My definition of euthanasia, which will count for every time that I use the term throughout the paper, is the taking of a human life that benefits the victim in one way or the other. For the sake of clarity, I will go into a short definition of what is meant by “benefit” in regard to the victim. I will look over the consequences of taking a life and who that action affects, either directly or indirectly. And finally I will use the works of great philosophers before me to strengthen my argument through examples that both agree with me as well as those that go against what I have to say.
Before I go into my argument, I will explain how the layout of the essay will support my thesis. I will begin by using the definition of euthanasia as a basis for the permissibility of the act. I will follow this small intro with a short discussion about the moral standing of comatose individuals and what role that plays in active euthanasia. At this point I will introduce the opinion of Pope John Paul II who does not agree with my position and I will counter his argument and through this strengthen my own. After my refutation I will use the works of James Rachels and Frances M. Kamm to ...
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...conclusion. In the case of a patient in severe pain, and with the patients consent, it is sometimes permissible to administer a drug with the intent of causing death. This is permissible because causing death is a lesser evil stopping the suffering of the patient is a greater good. I almost had to face the decision of ending my own father’s life when he was in a coma, and even though I would be unable to do it, it is permissible for someone to end his life if the coma resulted in him being in a vegetative state with no higher brain function. Active euthanasia should be permissible in the cases that I have presented and after experiencing the shock of seeing my own father in such a condition, I have come to defend active euthanasia.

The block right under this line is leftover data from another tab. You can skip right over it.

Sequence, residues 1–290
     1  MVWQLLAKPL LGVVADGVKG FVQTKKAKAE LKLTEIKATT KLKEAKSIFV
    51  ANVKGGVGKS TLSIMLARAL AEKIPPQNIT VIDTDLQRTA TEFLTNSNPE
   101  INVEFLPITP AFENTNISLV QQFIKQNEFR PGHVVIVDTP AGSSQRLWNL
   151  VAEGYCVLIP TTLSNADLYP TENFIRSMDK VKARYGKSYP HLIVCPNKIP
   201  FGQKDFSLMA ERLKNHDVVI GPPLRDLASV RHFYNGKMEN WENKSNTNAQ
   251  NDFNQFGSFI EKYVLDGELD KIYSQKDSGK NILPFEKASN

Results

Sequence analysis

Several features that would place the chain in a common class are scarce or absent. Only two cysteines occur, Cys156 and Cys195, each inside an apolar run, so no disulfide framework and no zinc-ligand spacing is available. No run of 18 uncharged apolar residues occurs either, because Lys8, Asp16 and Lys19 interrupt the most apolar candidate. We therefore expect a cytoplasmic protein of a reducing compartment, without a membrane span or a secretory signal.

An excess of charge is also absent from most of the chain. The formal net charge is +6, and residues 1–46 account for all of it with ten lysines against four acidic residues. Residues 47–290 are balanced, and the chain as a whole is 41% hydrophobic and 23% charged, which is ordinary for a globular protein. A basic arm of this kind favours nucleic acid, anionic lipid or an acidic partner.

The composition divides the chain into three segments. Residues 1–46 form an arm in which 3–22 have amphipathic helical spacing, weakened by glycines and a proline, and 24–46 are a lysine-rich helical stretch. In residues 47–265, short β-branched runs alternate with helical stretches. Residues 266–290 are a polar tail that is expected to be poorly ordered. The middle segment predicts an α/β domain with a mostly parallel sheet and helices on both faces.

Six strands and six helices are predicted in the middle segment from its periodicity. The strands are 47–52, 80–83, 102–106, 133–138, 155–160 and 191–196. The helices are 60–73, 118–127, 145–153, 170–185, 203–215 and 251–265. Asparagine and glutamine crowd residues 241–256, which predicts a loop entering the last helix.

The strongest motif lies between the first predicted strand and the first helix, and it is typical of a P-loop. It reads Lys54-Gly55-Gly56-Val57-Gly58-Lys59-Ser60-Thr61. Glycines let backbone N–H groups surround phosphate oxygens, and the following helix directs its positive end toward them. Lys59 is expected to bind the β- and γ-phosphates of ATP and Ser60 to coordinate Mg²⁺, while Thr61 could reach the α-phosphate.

Morris, Christopher W. Questions of Life and Death: Readings in Practical Ethics. New York: Oxford UP, 2012. Print.
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